Organics, AI, and what people want to believe.
You pretty much have to have been living inside a farday cage with a stack of dead trees for company to have not heard anything about large language models taking the tech world by storm. Without going into too much detail (because that's not what this essay is about) you take some clever statistical math, a metric fuckton of GPUs, and several petabytes of text scraped from most of the Web, mix thoroughly with a couple of million USD from investors and some Python, and bake it all in a large network of virtual machines running in someone's network (usually AWS, but there are companies that still run their own data centers) for a couple of days. What you'll get out of it is something called a model, a fairly large set of binary blobs that are then used as the kernel of software written in pretty much any programming language these days. End result (for the purposes of this essay): You can type stuff to the system in question, it'll filter it through the model and calculate a bunch of words that, statistically speaking are likely to follow what it was given. 1
I would like to state for the record that, as I write this essay even the biggest AI model out there (nVidia's Megatron-Turing NLG) 2 is nowhere near as large or as complex as the human brain. It's not sentient. It's not sapient. It's smart. Occasionally it's clever. It can be weird. Unlike the Dixie Flatline it might write you a poem if you asked it nicely.
Okay. Background established for the rest of this post. Because, once again, it's storytime with Uncle Bryce, so if you're not interested in a dumb story from undergrad you can punch out now.
In the fall of 1999.ev when I was finishing up my first stint in college I took as one of my core electives a course in artificial intelligence. The course started in a fairly reasonable way at the time, with the early history of artificial intelligence. We talked about Eliza, an early AI construct that implemented Rogerian, or person-centered psychotherapy as a prelude to discussing the Turing test. If you're not familiar with it (and you really should be, because I think the implications of it are going to be very important for everyone in the near future), Turing postulated a test where there were two subjects, an organic (a human being) and a software agent. Each subject could be communicated with from a distance using text; for our purposes, think instant messaging. An interviewer on the far side of the connection would hold an extended typed conversation with each subject. When all of the conversations were had the interviewer would then decide, solely from the conversations which subject was the organic and which was the bot. So the Turing Test goes, if the interviewer can't tell the difference the bot is likely sentient.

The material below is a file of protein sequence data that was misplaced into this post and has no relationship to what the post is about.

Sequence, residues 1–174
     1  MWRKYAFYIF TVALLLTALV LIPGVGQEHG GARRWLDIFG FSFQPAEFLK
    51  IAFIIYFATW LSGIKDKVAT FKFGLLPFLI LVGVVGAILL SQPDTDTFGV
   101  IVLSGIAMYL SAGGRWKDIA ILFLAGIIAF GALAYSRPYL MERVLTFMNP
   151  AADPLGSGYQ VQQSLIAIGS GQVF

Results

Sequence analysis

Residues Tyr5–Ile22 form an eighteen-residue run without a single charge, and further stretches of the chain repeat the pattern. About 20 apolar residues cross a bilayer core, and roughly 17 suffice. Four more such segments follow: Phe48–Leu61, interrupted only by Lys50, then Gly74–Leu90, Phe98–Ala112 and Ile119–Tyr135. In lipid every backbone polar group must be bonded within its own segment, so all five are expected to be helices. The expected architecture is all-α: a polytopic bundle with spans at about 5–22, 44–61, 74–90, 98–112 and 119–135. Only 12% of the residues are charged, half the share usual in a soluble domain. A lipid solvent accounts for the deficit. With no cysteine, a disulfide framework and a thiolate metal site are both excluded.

What very few people seem to consider is what it means if the organic is mistaken for the bot.
The professor teaching the AI class proposed that we carry out the Turing test on the comp.sci lab network. Everyone in the class (it wasn't very big, at most 20 students) drew lots and five of us were selected to be test subjects. There was an IRC server on the comp.sci network that the professor had hooked a couple of the more advanced chatbots of the time into. Those of us who were test subjects used regular old IRC clients to access the server. The idea was that everybody else in the class, one at a time, would spend time chatting with the test subjects for some length of time and at the end of the test periods would decide which interlocutor was the bot and which was their classmate and write an essay justifying their opinions. We organic test subjects spent every evening for a week hanging out on IRC and chatting with our classmates.
At the end of the week the results were in, and my classmates had decided that I was a software construct. They weren't sure how a bot was interfaced with such a large knowledge base (search engines barely existed at the time and REST APIs hadn't been invented yet) but they very much wanted the developer to come to the class to present. I really don't know what gave them that impression. Sure, I'm weird but I do put forth significant effort to be at least somewhat personable, so it's possible that they were getting me on some topic or other that I was really into at the time and that gave them the mistaken impression. It could also have been the speed of my responses, because I learned how to touch type at an early age, and most folks my age at the time hadn't.